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The first thing most West Virginians think of when they hear the name Don Blankenship is the explosion.

The former coal executive served a one-year prison sentence after he was convicted of conspiring to violate federal mine safety and health standards following the 2010 disaster at Massey Energy's Upper Big Branch coal mine. The accident left 29 workers dead.

Such a corporate scandal would cause many chief executives to resign from public life forever. But Blankenship is trying to rewrite his own plot with a new line: U.S. senator from West Virginia.

Blankenship has a shot at winning Tuesday's Republican primary for the U.S. Senate seat in West Virginia, if internal GOP polling reported by the Weekly Standard is any indication. Despite (or maybe because of) opposition from the GOP establishment, Blankenship is garnering 28 percent of the primary vote in that poll, with his nearest opponent barely behind with 27 percent.

But the Upper Big Branch explosion is not Blankenship's first run-in with critics. Neither is his Senate run -- featuring a recent incendiary television spot about Senate Majority Leader Mitch McConnell helping “China people." 

In fact, as he rose through the ranks of Massey Energy, Blankenship again and again attracted harsh rebuke — and even a few bullets. Here's a run down: 

— “We don't have any love for the union”: In the mid-1980s, the United Mine Workers went on strike against Massey, which at the time employed about 1,100 workers in eastern Kentucky and southern West Virginia. Blankenship, then a manager at a Massey subsidiary, was tasked with dealing with the miners. Massey broke with the rest of the coal industry by refusing to sign a 1984 deal with the union to end the strike.

Miners believed the company was trying to break up the union by insisting on separate contracts for each of its many offshoot companies. A year after the start of the strike, nonunion coal trucks drove through a union blockade, damaging the cars of striking miners. Blankenship said the drivers smashed the blockade because they “feared for their lives.” Blankenship eventually “brought in replacement workers [and] armed security,” union president Cecil E. Roberts told The Washington Post in 2010.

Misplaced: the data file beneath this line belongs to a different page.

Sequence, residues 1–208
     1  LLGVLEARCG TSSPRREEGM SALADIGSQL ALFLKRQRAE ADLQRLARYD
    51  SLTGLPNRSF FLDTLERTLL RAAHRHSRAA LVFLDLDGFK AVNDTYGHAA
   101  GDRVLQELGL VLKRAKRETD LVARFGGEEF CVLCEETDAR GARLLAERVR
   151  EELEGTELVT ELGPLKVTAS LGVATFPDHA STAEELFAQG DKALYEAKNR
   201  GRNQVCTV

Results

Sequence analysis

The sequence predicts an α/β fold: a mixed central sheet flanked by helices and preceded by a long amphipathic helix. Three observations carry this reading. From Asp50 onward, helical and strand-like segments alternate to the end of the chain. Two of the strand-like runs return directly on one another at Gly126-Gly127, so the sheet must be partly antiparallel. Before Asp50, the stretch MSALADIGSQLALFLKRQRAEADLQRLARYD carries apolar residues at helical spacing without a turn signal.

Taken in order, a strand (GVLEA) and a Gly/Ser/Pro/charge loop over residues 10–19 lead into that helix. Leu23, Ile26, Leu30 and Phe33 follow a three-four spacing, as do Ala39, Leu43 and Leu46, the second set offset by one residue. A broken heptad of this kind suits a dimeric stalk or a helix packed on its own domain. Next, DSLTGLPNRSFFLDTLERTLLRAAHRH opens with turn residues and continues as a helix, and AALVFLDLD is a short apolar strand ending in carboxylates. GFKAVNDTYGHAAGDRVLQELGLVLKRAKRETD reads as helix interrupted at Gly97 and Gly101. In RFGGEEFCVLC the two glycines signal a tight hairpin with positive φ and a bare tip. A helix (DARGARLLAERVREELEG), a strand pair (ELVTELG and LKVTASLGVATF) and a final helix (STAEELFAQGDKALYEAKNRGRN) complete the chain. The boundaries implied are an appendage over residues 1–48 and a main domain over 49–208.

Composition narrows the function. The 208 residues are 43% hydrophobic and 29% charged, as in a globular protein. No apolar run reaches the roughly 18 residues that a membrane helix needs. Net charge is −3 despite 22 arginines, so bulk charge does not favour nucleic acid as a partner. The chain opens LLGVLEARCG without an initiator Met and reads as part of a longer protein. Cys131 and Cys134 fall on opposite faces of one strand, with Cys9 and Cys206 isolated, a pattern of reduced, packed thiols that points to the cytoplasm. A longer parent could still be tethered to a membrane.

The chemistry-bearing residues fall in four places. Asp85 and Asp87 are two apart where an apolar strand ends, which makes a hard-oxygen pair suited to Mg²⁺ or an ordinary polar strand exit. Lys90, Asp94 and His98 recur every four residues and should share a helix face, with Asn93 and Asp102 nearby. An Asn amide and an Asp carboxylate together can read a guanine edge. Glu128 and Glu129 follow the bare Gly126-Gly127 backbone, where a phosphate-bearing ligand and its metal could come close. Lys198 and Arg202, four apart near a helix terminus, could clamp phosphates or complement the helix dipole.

It was during this strike, according to Blankenship, that an unknown gunman shot 11 bullets into his office, including one into a TV set he would later come to display as a kind of trophy.

“I'm ready to be killed for this reason,” Blankenship told The Washington Post in the 1980s, seeing the fight not as one between a corporation and its workers but as one between nationwide union and local managers.

“The UMW is trying to take away our freedom,” Blankenship said at the time. “We don't have any love for the union. I firmly believe they tried to kill us on several occasions.”

— Bigger than Exxon Valdez: In 2000, Blankenship's first year as Massey's chief executive, the bottom of one of the company's coal slurry impoundments broke into the mines below it, allowing the gooey waste to ooze into waterways in Kentucky and West Virginia. The sludge, laden with arsenic and mercury, “killed everything in the streams, all the way to the Ohio River,” Jack Spadaro, a Mine Safety and Health Administration (MSHA) engineer, told "60 Minutes” in 2004. 

Spadaro had become a whistleblower by then when, as he describes it, the George W. Bush administration prematurely closed its investigation into Massey following the spill. MSHA is a division of the Labor Department, which at the time was headed by Elaine Chao — who, in a bit of irony, is President Trump's transportation secretary as well as Mitch McConnell's wife. The spill was “vastly larger in scale than the oil spill from the Exxon Valdez,” according to ProPublica reporter and McConnell biographer Alec MacGillis.

— Other deadly accidents: Even before the deadly 2010 disaster, “Upper Big Branch miners lost more time on the job through worksite accidents than did other miners nationally” in seven of the eight years before that accident, The Post reported in 2010. The statistics were stark: Between 2005 and 2010, the MSHA cited the mine for 1,342 safety violations and $1.89 million in proposed fines. Before the explosion, three miners had died there after 1998.